Surely they did foresee such developments. Many of these guys were military men, inventors, historians, scientists, polyglots, smart guys and such wise. They would have known that science and military engineering were forever trying to increase the rate of fire of weapons. In their own lifetimes they had seen firearms develop from fragile, inaccurate, unreliable (and just barely dangerous) matchlocks into flintlocks and Kentucky rifles which could kill at ranges of hundreds of yards. They would have understood from history that weapons would become deadlier and deadlier, just as bronze swords were replaced by iron and then by steel. The founding fathers surely assumed the development of deadlier firearms just as you and I can guess that two centuries from now somebody might try to rob a convenience store with a laser pistol.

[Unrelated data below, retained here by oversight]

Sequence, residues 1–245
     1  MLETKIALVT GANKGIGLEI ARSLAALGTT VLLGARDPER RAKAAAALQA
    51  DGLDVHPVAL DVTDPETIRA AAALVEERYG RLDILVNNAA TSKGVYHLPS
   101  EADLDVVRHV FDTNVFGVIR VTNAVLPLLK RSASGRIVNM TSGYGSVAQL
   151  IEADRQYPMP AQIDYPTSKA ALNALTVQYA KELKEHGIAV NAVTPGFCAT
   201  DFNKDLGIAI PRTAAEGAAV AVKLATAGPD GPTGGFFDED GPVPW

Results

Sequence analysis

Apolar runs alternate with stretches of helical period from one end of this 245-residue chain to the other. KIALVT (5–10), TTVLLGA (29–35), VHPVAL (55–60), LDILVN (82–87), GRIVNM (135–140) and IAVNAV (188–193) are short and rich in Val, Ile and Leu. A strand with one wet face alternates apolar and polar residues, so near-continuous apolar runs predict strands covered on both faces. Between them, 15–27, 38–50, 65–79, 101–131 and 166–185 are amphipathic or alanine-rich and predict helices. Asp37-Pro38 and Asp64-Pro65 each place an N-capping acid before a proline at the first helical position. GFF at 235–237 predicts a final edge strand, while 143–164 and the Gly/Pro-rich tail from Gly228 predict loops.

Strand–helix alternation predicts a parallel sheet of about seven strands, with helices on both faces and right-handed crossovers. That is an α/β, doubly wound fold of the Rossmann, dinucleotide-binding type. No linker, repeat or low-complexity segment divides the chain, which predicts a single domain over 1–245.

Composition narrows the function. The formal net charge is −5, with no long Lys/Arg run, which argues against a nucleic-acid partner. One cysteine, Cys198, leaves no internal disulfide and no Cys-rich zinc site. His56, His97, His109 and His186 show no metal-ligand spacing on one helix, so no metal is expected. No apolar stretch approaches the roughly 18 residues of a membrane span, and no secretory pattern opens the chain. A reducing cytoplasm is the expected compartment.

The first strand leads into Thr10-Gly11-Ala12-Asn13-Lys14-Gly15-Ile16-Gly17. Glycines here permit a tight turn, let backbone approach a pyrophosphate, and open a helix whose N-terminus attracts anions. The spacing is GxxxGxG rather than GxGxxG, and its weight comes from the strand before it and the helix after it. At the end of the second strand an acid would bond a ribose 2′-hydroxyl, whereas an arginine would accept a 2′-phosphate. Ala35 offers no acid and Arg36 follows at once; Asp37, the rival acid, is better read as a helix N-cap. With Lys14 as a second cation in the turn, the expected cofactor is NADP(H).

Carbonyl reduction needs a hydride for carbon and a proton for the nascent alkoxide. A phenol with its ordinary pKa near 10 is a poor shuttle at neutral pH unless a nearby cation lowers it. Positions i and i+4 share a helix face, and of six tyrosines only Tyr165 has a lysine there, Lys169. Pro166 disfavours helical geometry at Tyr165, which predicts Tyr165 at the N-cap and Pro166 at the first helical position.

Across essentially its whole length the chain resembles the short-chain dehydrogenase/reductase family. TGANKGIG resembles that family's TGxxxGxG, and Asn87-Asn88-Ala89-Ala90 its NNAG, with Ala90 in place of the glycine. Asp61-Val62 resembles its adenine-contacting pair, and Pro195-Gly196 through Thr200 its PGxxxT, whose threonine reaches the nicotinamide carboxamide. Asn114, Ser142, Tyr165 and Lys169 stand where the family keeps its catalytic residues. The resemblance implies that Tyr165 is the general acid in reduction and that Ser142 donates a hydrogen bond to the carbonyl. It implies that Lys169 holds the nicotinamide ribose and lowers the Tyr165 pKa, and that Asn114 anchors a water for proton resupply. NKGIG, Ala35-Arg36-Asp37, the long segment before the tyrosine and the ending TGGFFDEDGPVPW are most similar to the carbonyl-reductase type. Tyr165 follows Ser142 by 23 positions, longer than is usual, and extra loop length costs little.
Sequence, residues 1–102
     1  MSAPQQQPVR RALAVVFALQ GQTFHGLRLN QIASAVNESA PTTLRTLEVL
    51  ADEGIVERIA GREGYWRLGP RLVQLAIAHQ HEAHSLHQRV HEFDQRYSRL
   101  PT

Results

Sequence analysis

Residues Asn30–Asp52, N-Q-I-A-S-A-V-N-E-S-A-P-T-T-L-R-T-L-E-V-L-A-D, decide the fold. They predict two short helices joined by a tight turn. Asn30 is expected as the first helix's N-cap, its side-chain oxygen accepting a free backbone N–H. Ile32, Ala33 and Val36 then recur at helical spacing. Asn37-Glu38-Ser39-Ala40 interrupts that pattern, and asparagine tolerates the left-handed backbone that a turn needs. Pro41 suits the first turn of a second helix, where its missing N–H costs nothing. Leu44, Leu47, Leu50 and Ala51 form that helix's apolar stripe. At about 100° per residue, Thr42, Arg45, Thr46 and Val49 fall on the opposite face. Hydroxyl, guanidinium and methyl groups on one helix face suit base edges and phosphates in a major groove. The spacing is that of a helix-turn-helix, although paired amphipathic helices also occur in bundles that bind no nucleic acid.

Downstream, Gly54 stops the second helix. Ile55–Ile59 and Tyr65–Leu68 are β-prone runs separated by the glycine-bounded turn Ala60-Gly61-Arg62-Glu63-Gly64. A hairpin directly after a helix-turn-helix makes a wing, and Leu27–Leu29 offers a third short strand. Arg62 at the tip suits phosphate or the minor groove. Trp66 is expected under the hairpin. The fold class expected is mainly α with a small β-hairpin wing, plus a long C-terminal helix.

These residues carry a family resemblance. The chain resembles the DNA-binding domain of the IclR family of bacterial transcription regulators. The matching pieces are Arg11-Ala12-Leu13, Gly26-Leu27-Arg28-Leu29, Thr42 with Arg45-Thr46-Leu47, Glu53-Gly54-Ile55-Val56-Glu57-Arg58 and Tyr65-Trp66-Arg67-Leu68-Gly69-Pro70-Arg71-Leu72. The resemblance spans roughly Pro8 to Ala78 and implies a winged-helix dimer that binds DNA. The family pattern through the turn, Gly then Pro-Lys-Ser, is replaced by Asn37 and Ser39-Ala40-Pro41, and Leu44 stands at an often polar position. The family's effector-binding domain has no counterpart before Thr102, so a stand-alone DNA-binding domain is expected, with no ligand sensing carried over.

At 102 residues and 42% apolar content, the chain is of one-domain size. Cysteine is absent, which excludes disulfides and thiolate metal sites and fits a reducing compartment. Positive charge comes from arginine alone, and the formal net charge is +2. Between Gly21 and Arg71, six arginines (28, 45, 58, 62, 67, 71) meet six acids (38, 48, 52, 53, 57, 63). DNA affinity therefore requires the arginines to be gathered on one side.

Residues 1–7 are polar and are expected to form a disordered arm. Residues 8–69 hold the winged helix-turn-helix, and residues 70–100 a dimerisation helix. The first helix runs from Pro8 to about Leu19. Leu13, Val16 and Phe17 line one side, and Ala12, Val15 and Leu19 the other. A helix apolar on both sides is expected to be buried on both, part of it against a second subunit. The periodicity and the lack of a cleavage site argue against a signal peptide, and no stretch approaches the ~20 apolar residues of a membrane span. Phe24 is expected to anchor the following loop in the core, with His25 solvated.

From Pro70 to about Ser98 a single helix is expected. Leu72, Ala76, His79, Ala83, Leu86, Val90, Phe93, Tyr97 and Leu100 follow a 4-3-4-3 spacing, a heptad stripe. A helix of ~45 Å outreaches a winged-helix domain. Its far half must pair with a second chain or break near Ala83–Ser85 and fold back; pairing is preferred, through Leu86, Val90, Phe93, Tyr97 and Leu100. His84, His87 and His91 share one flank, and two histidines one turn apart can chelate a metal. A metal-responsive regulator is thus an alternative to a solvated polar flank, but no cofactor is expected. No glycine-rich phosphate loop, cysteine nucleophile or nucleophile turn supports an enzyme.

Another argument that doesn't work holds that we don't need to hunt for our food any more, so we don't need guns. It's true, but it's irrelevant to and distracting from the central argument. By that reasoning, citizens should only have things which they need for survival. Stupid. Next.
I'm not persuaded by statistics showing that people are more likely to shoot themselves than an intruder. Those studies can't really take into account the number of people who were not shot because they fled after hearing the sound "shlak-klak" behind the door they were kicking. Further, arguments from a public safety/accidental shooting standpoint won't persuade many people. Even if it's true it's condescending. What you've said with those studies is that you think American citizens are too stupid and irresponsible to own guns and you (yourself being intelligent and benevolent and having the moral imperative to do so) should gather up all the dangerous toys to keep Jethro from hurting himself. This argument could be used to attempt to outlaw anything that can be abused.